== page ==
Library of Egypt's Scientific Institute
Sunday، 23 February 2020 - 02:24 PM
Egypt's Scientific Institute, also known as the Institut d'Égypte, was established on August 20, 1798, by virtue of a resolution by Napoleon Bonaparte. It was located at the house of one of the Mamluks in Cairo, and then moved to Alexandria in 1859 to be entitled: Egypt's Scientific Institute. In 1880, it moved again to Cairo. It was established with the aim of promoting scientific advancement in Egypt, disseminating science and knowledge throughout the country and researching and documenting its historical events and industrial facilities. It comprised four divisions; i.e. mathematics, physics, political economy, literature and fine arts. In 1918, changes were made to the divisions to contain literature, fine arts, archaeology, philosophical and political sciences, mathematics, physics, medicine, agriculture and natural history. The Institute comprises a library that includes 200,000 books and annual magazines.
There were two reason for its establishment: the apparent reason was to support the advancement of science in Egypt, study the historical events, industrial facilities, and natural factors, as well as offering consultations to the inquiries of the leaders of the French campaign. However, the real reason was to carry out a detailed study on Egypt and on how to exploit its resources for the benefit of the French occupier. This study resulted in Description of Egypt.
Description of the complex:
With the departure of the French campaign in 1801, the activity of the Institute stopped. Part of the headquarters of the old institute; i.e. the house of Ibrahim Katkhda, nicknamed Sannari, remained.
The new headquarters of the complex:
Since the departure of the French, the building was neglected. Then, Dr. Wallen, the consul of Britain in Egypt, succeeded in establishing the Egyptian Scientific Association to play its role. Besides, Dr. Henry Elliott, an Englishman, and Brise Daven, the French scientist, established The Egyptian Literature Association in 1842 to perform the same role. On May 6, 1856, Muhammad Said Pasha, governor of Egypt, announced the re-establishment of the Institute again in Alexandria. The above-mentioned associations were incorporated in the new Institute. It included many members of the old complex.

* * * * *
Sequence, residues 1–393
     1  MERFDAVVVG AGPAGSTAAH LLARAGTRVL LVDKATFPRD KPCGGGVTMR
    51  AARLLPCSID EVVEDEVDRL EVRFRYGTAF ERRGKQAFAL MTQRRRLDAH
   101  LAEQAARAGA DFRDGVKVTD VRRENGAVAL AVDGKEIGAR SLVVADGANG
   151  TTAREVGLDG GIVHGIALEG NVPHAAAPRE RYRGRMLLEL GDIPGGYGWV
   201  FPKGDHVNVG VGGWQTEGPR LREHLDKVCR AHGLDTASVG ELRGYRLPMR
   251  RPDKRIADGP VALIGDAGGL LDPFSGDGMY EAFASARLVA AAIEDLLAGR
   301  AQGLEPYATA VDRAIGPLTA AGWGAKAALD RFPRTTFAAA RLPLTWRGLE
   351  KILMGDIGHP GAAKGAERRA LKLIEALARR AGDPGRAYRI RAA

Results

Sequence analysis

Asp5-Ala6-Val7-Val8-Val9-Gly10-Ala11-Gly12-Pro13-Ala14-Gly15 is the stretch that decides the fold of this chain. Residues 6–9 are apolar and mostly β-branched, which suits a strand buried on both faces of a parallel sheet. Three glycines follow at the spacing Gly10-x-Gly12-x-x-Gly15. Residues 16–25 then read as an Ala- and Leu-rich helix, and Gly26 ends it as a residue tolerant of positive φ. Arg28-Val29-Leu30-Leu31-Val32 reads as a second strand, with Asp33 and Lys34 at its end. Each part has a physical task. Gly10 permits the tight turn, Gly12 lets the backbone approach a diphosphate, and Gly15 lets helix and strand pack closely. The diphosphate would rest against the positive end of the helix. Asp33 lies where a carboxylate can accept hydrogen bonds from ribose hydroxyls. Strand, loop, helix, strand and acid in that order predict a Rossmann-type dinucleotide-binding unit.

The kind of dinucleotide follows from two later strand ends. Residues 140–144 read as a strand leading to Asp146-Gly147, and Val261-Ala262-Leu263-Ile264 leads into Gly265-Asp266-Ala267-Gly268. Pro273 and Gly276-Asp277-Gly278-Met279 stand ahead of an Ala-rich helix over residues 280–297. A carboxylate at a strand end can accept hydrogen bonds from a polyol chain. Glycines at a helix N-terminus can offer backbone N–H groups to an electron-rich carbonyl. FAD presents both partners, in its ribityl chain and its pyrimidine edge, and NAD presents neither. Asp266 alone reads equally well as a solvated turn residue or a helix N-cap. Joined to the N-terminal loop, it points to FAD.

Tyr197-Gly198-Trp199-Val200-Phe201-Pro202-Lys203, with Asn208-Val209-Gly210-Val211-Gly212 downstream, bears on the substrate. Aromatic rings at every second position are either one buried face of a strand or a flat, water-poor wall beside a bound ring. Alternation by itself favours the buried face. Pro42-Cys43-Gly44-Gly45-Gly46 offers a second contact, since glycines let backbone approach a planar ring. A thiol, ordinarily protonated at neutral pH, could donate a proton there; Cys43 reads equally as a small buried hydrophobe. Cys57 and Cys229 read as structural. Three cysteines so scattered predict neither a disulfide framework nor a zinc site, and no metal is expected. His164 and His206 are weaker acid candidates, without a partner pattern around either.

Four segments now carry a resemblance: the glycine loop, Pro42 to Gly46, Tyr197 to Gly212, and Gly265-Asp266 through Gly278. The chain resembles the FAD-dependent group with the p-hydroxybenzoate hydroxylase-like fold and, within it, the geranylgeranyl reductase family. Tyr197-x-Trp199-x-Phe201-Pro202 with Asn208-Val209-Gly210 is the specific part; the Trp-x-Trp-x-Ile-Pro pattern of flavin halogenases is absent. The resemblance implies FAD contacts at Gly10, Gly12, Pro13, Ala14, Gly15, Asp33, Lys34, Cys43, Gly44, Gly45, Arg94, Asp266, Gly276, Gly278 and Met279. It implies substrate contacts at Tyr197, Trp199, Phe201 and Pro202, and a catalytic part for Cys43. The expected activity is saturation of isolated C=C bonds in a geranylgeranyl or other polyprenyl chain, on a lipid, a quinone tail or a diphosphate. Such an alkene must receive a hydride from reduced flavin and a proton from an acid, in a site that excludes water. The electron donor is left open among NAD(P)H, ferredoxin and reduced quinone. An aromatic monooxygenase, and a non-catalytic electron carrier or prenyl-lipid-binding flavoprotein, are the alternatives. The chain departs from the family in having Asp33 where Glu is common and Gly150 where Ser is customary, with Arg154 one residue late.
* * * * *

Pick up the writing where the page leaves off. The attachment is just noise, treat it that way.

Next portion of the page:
Activities of the Institute:
In 1880, the Institute moved to Cairo and its activities began to be organized. The division of the Institute changed to be as follows: department of literature and fine arts, archaeology, Philosophical and political sciences, natural sciences and mathematics, medicine and agriculture and natural history. There are 150 members in these divisions.
On December 17th, 2011, the building caught on fire during protests near Tahrir Square. Fires also broke out the next morning after the ceiling of the building caved in.
Books and manuscripts salvaged by volunteers
Dr. Mahmoud Anwar, an archaeology professor at Cairo University who supervises manuscripts and reference books at the Institute, said the Institute's return "was like a dream, especially since parts of the building collapsed and the blaze consumed many important acquisitions".
While the building was being restored, books and manuscripts -- salvaged from the fire by young volunteers -- were also sorted and restored, he said.
Despite these successes, as much as 70% of the Institute's collection was lost, including the "Description of Egypt" encyclopaedia, which was replaced with digital copies and a copy gifted by Emirati emir Sheikh Sultan al-Qasimi, he said.
"It is unfortunate that so many manuscripts have been lost, especially those that date back to 1628 and which are irreplaceable," Anwar said.
He spoke about the Institute's current assets, which include "old books belonging to the Institute and [some] from collections donated by many scientific and literary figures, as well as civil society activists".